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By JOHN ARTHUR, Californian executive editor email@example.com
READER: In the "Our View" column on Sept. 4 ("While some gauge winds, a decision awaits"), The Californian makes a valid point about Rep. Devin Nunes' comments of asking President Obama to consult with Congress and then criticizing the president for doing so. However, I think the Californian editorial writers need to take a more objective look in deciding which topics to write about.
Regarding Syria, The Californian chooses to focus on the relatively unimportant comments by Rep. Nunes and not examine President Obama and his administration's handling of Mideast with all their mistakes, misjudgments and plain incompetence.
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Which is more noteworthy: President Obama's handling of the Mideast or Congressman's Nunes's comments regarding President Obama?
"Our View" has a pattern of focusing on Republican reactions or trying to justify the Obama administration's handling while downplaying the more serious issues.
Another example of this was "Our View's" justification of the IRS scandal trying to show that Progressive groups were also singled out by the IRS for scrutiny. The numbers show there were approximately 300 conservative groups reviewed as compared to approximately 15 progressive groups. The prying nature of the inquiry and the delays were significantly harsher towards the conservatives then the progressive groups. None of this was mentioned in that editorial.
The issue that should have been addressed by "Our View" was the actions of the IRS singling out groups based on ideology, not an attempt to show it happened to both sides.
Editorial Page Editor Robert Price responds: I don't mean to sound flippant, but the question "why did you write about that and not this" can be answered just one way: because we did. Richard's suggested subject is a perfectly valid topic for an editorial, but so is the continuing dysfunction in Washington. We focused on Rep. Devin Nunes' comments on Syria because (1) it gives an international crisis a local context; (2) it serves to illustrate the challenge Obama will face in Congress as he makes his case for a strike; and (3) it underscores one of our favorite gripes: politicians whose first allegiance seems to be party.
As for our editorial about the IRS scandal, Richard's point is a good one. Conservative groups did bear the brunt of the government's harsh scrutiny, but at the time much had already been written and debated about that aspect of the scandal. We felt an important point was being overlooked: that, as the editorial noted, we shouldn't "abide any organization that misrepresented its qualifications for tax-exempt status as a social welfare organization." We should have stated more clearly and forcefully that conservative groups were unfairly targeted, but in that editorial we were focusing on a broader, less discussed issue: this relatively new avenue for deceit and influence laundering.
While we certainly have been guilty of it on occasion, I would disagree that our editorials "have a pattern" of "trying to justify" the Obama administration's actions. Since just last year, our editorials have criticized the president for speaking at the dedication of the Cesar E. Chavez National Monument "in the midst of a harried, tension-filled (presidential) campaign" ("Chavez decree is all about wooing Latinos"); his failure to conduct government business in a transparent way, as promised ("Obama didn't deliver on this pledge"); and his sudden enthusiasm for under-the-table campaign financing after having condemned Republicans for that same practice ("Hypocrisy in Obama's shift on super PACs.") But Richard's comments are not without merit and are duly noted.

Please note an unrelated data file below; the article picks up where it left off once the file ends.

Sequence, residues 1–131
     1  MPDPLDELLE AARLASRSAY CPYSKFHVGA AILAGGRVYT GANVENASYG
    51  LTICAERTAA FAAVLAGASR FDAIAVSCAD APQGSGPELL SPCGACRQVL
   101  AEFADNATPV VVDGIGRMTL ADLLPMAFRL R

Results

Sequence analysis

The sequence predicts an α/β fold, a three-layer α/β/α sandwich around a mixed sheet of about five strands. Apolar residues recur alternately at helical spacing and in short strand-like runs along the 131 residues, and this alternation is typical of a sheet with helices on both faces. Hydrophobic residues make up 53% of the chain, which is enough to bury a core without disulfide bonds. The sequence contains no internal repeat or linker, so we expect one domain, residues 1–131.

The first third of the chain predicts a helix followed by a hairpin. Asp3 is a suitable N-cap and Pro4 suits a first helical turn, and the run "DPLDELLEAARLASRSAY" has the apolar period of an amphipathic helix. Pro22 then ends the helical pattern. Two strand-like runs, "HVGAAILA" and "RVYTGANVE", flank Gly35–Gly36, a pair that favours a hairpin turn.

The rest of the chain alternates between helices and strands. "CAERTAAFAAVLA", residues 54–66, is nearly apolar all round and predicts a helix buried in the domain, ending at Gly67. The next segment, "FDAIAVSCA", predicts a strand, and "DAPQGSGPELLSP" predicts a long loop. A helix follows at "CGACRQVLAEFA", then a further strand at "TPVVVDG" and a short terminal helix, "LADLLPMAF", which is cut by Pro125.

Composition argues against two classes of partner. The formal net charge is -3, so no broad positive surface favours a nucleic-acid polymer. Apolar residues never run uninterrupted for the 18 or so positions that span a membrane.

READER: Why do you let Norm Haughness rant in your newspaper? When he states "this much we already know: if an armed black adult with (George) Zimmerman's record had stalked and accosted an unarmed white kid, that same Florida jury would (very quickly) have reached a second degree murder verdict."
How does he or anyone know that? And as usual he and every liberal leaves out the fact that Zimmerman was being assaulted by Trayvon Martin. When someone states he already "knows" how a jury would vote I pretty much figure everything else they say is going to distort the facts and chalk it up to another whiny liberal looking for attention.
Do us a favor and please print both sides of the story from people who present something we would actually like to read and think about.
Robert Price responds: The last part of your email says it all: give us the opinions of "people who present something we would actually like to read and think about." If you "liked" everything that appeared in the Opinion section it would be a soothing read, perhaps, but it wouldn't be especially challenging and it wouldn't encourage debate, which I see as one of our chief roles.
As for Norm Haughness's certainty about the outcome of a trial involving a black Zimmerman and a white Martin, others have been just as certain that Trayvon was a thug who had it coming. "Eric Holder and the media are trying to lynch an innocent man who shot a raging lunatic. So the shoe is on the other foot now," wrote one letter writer. We tried to be as balanced on this issue as we could be by printing many divergent opinions, as we try to do on all issues of importance.
ARTHUR: Our discussion the other day about the use of the word "implosion" to describe the PG&E plant takedown prompted this comment on Facebook:
First, it's called "controlled demolition." This refers to the traditional method used to bring (down) buildings made of plaster and brick with steel frames. This was a steel structure that should have been cut apart in sections.
Even if they didn't use explosives, the force of the building twisting the dynamics of the steel tearing apart could have sent shrapnel flying everywhere.